to the glory of God the Father” (Philippians 2.9-11)

“The joy of the Lord is our strength”(Nehemiah 8.10). Our joy derives from our relationship with Him, and from our expectation that the end will be good. A secular authority (sic) echoes this: In the end everything will be allright. And and if it’s not alright yet, it’s not the end yet (The Best Exotic Marigold Hotel).

Posted by: Veroni Kruger | March 26, 2016

Does Easter Have Any Bearing On Racism?

Of course it has!

Jesus died for all humankind, and never made any distinctions between people of any race.

Last week I posted Alexander Venter’s Pledge on Racism and said it provided a good programme for anyone who wants to rid themselves of racism.  Today I want to lend some more assistance, utilising  the main points in the pledge and giving practical tips.  In order for us to rid ourselves of racism, we should do the following:

Examine ourselves to see if we are harbouring racism

In another context, Alexander Venter describes four different kinds of racists.  here are some extracts from his description:

  • Confirmed racists are those who are still prejudiced and are open about it.  The attitudes of this group are hardening.
  • Suppressed racists are those who are still prejudiced, but have suppressed it in the name of political correctness, or keeping-the-peace, or fear of reprisal, or because of self-deception and psychological denial. Recovering racists are those who have acknowledged and faced their racial conditioning—racism is inbred if you were raised in SA—and are taking responsibility for it by consciously working on their thoughts, beliefs, attitudes and actions.
  • Recovering racists are those who have acknowledged and faced their racial conditioning—racism is inbred if you were raised in SA—and are taking responsibility for it by consciously working on their thoughts, beliefs, attitudes and actions. They have dealt with their guilt and are free.
  • Suppressed racists are those who are still prejudiced, but have suppressed it in the name of political correctness, or keeping-the-peace, or fear of reprisal, or because of self-deception and psychological denial. Recovering racists are those who have acknowledged and faced their racial conditioning—racism is inbred if you were raised in SA—and are taking responsibility for it by consciously working on their thoughts, beliefs, attitudes and actions.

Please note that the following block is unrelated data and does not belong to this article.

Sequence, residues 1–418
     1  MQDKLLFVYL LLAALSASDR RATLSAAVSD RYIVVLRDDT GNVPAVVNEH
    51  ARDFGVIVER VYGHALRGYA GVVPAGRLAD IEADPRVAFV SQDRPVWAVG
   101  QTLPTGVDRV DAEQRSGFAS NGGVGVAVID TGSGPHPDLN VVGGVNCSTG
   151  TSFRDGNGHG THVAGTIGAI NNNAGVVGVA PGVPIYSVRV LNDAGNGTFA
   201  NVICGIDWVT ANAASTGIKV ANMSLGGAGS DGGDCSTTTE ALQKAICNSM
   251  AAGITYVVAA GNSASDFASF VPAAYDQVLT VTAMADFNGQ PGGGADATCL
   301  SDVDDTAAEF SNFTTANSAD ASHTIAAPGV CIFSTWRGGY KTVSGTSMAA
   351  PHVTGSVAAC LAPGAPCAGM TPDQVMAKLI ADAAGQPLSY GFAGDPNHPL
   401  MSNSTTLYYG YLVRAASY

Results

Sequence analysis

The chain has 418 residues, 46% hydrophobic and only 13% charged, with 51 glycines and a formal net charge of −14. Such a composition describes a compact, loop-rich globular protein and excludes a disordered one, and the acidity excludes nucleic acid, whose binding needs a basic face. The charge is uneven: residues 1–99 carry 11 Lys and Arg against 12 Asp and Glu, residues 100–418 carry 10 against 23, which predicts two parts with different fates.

• Pre-racists or innocents are those who are in the pre-prejudice stage—our children. They are the racially innocent people, unless their parents or others have already infected them with their prejudice.
pp.124-125 in Doing Reconciliation – Racism, Reconciliation and Transformation in Church and World. [http://alexanderventer.com/product/bundle-doing-reconciliation/ and http://alexanderventer.com/racist-polarisation-in-sa/

Where do we fit in?  As we all know, self-awareness needs to lead to repentance if it is to mean anything.  The following points are helpful in this regard.  We should:

Acknowledge our participation in our nation’s racism

Our whole nation is suffering under the burden of a national racist legacy.  In order to rid our nation of this, each one of us should admit to the fact that apartheid was an evil system.  Sure, we may not be directly responsible for its legacy.  Nevertheless, we are responsible for how we respond to it today.

Cooperate with the Holy Spirit in bringing about reformation in our own minds and lives

With God’s help we can remove all prejudice from our hearts and minds.  God, whose vision for us is that we should become like His Son, is eager to work with us to make sure we  “do not conform to the (thought) pattern(s) of this world, but (are) transformed by the renewing of our minds (Romans 12.2, parentheses mine).

Undergo a change of attitude

Having renewed minds should result in a change of attitude.  This will lead us to respect the dignity of every individual regardless of race, and we should give evidence of this changed attitude practically, in what we say and what we do.

Take up the correct position

Adopt a position that is in accordance with our changed attitude.  We should see ourselves as standing in solidarity with victims of hatred and violence.  This means we identify with them rather than watching from a distance what is happening.  Does news of bad things happening to people of races other than our own touch us as intensely as when the same things happen to people of our own race.

Allow all of the above to manifest in our daily lives

Changed attitude and assuming the correct position should manifest in our daily lives.  We may find that we are so accustomed to using certain expressions (e.g. “… typical of such and such a group/race, isn’t it?”) that we have to watch closely what we say.  I recommend we ask close friends and acquaintances to help us here by lovingly making us aware where we follow old habits of expression and behaviour.